1. Can you tell us about your cause? What organization are you fundraising for?
Melanie: I’m traveling to Nepal this October to help restore the Chhairo Gompa, a 300-year-old Buddhist temple in the Lower Mustang region. I’ll be joining a team with Restoration Works International, an American non-profit that has been working with the Chhairo Gompa community since 2005. When the project started, the property was in ruins, but today it’s an operating monastery with seven young monks in residence and community plans to farm the surrounding land, develop cottage industries, and start a school to teach Thangka painting (an ancient Buddhist art). The funds I’m raising through Volunteer Forever are going toward my program fee, the majority of which will stay in the country to support the local craftspeople’s salaries and to purchase the building materials and tools for the ongoing restoration. I’m paying for my travel and related expenses personally. I heard about Restoration Works International through a National Geographic list of unusual volunteer vacations. Since I’m an architectural historian, the chance to work on a completely new (to me) type of building in an exotic locale was intriguing, to say the least. I’m thrilled they’re using historic building methods—rebuilding, in the same manner, it was built originally—reusing as many materials as they can, and sourcing everything else from nearby. I believe that the preservation of our cultural heritage is important from a sustainability perspective. Our traditions and our stories are what make us human, yet our heritage is at risk from development and conflict. The project in Nepal demonstrates how the protection of our past can lay the foundation for a sustainable future. The project is community-led and focuses on long-term economic and cultural sustainability for a refugee Tibetan community that had been struggling to survive previously.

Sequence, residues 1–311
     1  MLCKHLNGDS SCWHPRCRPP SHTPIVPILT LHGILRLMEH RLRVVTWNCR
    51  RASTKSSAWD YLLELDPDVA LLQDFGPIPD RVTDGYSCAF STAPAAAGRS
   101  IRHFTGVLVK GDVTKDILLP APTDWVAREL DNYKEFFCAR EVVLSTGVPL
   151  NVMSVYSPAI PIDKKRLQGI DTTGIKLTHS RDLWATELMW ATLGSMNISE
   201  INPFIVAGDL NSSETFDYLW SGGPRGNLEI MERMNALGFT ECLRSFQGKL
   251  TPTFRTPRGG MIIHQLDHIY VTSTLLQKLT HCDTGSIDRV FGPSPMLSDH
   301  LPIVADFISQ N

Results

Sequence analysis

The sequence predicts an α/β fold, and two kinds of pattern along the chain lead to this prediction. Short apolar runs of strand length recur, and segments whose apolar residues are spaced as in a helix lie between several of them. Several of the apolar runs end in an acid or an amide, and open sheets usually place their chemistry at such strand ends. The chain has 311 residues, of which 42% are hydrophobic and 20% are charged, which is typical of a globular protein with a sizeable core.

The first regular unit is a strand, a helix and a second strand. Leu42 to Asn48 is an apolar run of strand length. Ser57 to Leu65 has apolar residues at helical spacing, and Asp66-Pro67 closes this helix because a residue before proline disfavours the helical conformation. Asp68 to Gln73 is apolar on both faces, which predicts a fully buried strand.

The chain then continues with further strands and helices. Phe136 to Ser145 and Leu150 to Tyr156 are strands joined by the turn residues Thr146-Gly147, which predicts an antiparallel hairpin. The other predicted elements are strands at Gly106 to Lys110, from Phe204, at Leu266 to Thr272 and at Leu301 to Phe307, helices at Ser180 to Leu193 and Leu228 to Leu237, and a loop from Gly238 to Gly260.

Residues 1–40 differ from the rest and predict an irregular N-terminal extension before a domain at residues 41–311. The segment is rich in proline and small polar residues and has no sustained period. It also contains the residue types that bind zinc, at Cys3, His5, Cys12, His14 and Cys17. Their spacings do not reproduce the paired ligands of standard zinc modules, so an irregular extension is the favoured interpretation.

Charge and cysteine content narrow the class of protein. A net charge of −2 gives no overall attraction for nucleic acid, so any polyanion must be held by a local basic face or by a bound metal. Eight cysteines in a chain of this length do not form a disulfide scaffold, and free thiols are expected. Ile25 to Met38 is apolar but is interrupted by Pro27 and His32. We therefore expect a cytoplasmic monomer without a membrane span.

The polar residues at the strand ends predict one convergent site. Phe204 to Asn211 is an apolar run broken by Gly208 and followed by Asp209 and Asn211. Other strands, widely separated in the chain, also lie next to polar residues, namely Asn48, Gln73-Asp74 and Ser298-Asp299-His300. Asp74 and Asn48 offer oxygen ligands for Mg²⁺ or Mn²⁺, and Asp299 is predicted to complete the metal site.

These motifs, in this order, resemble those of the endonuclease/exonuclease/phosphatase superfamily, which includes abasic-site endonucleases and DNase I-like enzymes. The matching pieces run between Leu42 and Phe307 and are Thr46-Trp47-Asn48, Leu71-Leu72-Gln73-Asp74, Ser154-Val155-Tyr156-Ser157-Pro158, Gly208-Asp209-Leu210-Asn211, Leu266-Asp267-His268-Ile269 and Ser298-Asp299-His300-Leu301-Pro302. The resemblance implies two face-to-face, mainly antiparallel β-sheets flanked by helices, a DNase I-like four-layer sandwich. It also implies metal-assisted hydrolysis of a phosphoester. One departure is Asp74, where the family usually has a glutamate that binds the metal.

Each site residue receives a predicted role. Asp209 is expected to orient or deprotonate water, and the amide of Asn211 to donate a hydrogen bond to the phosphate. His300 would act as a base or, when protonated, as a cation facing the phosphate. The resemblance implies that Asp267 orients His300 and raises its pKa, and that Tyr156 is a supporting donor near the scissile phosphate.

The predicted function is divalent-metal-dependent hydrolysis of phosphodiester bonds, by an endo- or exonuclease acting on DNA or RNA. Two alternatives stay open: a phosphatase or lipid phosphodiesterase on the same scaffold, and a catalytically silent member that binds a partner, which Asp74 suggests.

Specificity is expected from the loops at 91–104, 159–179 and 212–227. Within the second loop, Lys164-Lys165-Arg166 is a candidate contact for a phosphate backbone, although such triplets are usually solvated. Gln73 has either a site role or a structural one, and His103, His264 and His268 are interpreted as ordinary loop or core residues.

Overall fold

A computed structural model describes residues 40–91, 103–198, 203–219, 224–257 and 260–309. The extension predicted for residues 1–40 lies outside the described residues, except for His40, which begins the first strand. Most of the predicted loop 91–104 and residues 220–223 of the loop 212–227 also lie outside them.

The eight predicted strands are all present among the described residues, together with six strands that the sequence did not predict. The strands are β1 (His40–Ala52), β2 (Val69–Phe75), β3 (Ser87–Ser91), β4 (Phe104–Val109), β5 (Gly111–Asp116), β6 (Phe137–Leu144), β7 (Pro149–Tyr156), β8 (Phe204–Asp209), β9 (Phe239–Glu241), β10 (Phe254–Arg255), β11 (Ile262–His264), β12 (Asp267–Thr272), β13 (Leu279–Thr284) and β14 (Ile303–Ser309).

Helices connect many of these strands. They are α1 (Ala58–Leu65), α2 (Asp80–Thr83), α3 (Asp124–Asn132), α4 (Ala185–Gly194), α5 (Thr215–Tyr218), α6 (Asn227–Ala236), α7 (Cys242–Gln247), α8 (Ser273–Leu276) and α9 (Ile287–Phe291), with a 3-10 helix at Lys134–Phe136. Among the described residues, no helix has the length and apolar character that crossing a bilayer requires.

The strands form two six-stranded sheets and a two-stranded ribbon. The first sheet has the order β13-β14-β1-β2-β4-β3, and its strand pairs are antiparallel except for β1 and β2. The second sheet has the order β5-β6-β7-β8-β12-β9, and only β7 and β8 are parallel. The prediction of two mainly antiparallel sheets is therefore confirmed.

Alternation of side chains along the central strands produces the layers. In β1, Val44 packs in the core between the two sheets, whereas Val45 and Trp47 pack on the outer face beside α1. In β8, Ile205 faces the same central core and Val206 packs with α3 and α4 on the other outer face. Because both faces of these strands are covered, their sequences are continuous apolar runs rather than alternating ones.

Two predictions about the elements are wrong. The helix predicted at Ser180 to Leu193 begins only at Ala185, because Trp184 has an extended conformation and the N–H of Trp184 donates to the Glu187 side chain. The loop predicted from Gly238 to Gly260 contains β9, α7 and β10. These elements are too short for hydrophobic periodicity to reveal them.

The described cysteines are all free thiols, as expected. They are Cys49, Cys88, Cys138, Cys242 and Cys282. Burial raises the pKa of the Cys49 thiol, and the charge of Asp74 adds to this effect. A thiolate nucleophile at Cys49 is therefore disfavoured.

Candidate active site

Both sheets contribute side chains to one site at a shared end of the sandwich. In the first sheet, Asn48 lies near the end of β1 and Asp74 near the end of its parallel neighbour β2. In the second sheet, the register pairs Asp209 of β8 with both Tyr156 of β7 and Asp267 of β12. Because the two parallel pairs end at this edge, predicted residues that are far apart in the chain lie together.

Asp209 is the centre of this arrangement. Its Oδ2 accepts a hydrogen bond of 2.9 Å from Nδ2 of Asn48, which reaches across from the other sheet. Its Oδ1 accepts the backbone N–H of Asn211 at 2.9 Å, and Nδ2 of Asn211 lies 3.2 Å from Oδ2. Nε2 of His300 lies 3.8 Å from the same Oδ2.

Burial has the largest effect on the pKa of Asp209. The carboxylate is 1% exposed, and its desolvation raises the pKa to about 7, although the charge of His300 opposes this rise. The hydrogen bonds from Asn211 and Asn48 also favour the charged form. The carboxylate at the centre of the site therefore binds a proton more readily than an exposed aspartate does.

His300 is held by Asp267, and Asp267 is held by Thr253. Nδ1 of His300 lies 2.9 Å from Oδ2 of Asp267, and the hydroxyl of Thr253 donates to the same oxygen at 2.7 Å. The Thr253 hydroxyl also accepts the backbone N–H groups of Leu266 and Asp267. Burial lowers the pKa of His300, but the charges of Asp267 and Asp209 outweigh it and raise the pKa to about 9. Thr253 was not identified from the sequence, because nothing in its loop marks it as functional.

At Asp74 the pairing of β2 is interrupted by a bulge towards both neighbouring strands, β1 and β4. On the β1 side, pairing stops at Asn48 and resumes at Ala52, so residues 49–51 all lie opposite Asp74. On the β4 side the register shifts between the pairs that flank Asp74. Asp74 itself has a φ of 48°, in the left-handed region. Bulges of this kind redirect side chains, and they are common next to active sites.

2. How did you let your friends and family members know about your fundraising campaign?
Melanie: I reached out to close family and good friends through individual emails first. I told them about the project, why I wanted to be involved, and provided a link to my Volunteer Forever page. In the email, I let them know that I had made a video there and requested their financial assistance. I knew that they would be supportive and could get the ball rolling. And, wow, did they get it rolling. Thanks to their donations, I reached 40% of my goal in my first week! I then started sending individual emails to other friends. After that, I started contacting people who I have worked with historic preservation since I knew they would have a shared interest in a project like this.
3. How did you follow up with potential donors who were initially unresponsive?
Melanie: Before I got started, I laid out a plan for the campaign that included a blog post every week. That gave me a reason to reach out to everyone on a regular basis, both those who had already donated (with a group “supporter update” email) and those who were potential donors or who were interested in hearing about how it was going even if they couldn’t give financially (also with a group update email). I’ve endeavored to make each blog post something interesting about the project and the community because I wanted my donors and potential donors to be as invested in the project as I have been. In this, Restoration Works International did much of the work for me. I mined their YouTube channel, their Flickr albums, and their Facebook posts for the material. One week I posted a link to a previous volunteer’s essay and illustrations of the project. The sketches are beautiful and her essay was moving. Another week I posted a video about the head lama at the gompa, Shashi-Doj, who is a world-renowned Thangka painter. The video demonstrated his methods and work. When I purchased my airplane tickets and insurance—which was a big milestone—I posted about that too.